Great, thanks all for your replies.

It sounds like a very happy Rev family.


Yep, I'm slightly scared of becoming a Rev widow!

I'm sure we'l be popping to Blackheath soon. I suspect I have very little talent and potential in kite flying though...

Cheers again guys, that's all really useful.

#10 Maggie

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Posted 24 October 2011 - 07:27 AM

Hi Clo,


Looking forward to meeting you at Blackheath one Sunday morning.

Maggie

#11 stroke survivor

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Posted 24 October 2011 - 08:07 AM

Then you've got nothing to lose!!! Well maybe your man!!!Posted Image Give flying a serious go, you might like it, and find something the two of you can do together!!! Posted Image Of course, there are already plenty of Rev Widows around to talk to about this craziness called Rev flying!!! Posted Image

wayne from portland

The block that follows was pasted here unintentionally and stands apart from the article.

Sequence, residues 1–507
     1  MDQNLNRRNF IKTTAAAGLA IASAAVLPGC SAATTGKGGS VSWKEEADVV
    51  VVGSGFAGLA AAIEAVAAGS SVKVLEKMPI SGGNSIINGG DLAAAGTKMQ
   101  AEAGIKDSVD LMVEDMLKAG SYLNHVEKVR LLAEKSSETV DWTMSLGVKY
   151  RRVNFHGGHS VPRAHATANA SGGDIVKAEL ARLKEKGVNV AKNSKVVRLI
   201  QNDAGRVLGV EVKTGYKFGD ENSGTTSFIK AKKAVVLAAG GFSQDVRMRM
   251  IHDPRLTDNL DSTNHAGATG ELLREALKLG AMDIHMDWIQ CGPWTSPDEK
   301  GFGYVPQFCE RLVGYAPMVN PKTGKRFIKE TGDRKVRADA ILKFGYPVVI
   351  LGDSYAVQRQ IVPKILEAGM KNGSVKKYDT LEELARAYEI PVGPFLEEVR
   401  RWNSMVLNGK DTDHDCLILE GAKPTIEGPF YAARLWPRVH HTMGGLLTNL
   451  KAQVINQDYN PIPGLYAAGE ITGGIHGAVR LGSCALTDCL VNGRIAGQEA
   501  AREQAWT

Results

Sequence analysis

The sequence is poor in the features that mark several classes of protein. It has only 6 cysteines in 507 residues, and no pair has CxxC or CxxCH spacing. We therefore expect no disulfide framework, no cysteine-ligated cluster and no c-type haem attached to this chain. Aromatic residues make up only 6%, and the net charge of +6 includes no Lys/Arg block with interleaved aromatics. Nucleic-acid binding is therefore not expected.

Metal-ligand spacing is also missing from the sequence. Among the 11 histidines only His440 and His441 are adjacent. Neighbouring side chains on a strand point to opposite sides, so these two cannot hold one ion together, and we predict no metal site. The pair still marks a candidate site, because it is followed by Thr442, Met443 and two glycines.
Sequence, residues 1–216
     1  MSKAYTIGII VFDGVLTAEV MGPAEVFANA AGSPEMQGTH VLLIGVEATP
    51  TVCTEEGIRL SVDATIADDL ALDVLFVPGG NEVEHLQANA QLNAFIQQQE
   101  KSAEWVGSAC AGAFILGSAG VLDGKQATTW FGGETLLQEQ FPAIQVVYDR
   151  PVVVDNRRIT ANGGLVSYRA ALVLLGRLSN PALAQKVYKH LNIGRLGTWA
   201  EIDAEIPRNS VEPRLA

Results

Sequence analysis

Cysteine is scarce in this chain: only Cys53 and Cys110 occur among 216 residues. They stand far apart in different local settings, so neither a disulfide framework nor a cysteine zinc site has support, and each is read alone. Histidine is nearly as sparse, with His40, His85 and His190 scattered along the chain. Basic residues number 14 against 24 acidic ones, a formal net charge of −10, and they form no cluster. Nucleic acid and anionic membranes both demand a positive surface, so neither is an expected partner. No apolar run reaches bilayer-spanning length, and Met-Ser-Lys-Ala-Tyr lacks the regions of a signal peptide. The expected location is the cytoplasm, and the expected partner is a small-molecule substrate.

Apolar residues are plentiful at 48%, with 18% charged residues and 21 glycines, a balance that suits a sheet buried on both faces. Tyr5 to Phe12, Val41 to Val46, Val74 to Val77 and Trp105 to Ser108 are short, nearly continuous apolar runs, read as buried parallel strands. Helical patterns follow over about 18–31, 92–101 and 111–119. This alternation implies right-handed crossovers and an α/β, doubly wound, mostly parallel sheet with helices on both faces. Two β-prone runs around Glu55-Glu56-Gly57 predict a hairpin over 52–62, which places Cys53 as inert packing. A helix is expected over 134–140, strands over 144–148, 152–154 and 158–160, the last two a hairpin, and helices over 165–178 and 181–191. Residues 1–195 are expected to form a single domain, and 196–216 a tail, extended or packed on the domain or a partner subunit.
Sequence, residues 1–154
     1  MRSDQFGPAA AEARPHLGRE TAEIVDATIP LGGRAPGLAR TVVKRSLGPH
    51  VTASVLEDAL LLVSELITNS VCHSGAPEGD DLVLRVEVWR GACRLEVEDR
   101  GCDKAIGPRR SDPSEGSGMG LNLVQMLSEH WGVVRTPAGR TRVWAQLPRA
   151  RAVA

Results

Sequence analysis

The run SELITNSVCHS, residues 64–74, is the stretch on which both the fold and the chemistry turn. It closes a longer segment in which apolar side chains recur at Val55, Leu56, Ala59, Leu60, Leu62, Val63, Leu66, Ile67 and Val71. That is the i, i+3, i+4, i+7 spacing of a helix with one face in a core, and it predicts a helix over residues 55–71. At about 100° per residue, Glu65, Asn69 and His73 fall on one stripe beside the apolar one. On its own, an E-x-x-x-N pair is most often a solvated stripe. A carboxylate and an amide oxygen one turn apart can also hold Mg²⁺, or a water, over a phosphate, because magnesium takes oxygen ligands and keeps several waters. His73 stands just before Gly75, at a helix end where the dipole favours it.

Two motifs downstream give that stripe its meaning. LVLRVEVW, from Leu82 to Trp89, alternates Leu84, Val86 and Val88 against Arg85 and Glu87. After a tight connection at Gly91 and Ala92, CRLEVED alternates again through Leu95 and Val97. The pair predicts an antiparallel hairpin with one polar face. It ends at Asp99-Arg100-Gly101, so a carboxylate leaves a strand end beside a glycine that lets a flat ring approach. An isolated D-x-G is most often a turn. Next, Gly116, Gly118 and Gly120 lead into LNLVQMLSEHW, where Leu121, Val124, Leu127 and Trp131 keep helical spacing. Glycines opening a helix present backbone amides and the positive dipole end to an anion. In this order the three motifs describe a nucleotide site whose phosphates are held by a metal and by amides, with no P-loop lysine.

You have 2 choices - live on or die!! I ain't the dying type!!!  Also known as "portland flyer" on some forums!

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#12 Stephen Hoath

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Posted 24 October 2011 - 08:21 AM

Great, thanks all for your replies.

It sounds like a very happy Rev family.


Yep, I'm slightly scared of becoming a Rev widow!

I'm sure we'l be popping to Blackheath soon. I suspect I have very little talent and potential in kite flying though...

Cheers again guys, that's all really useful.

Clo, you will find that most of the top teams around the world have at least 1 female pilot. It's not a strength based skill so don't right it off until you try. Of course if you live in California or Southern France then the good weather and sunshine make it a little easier!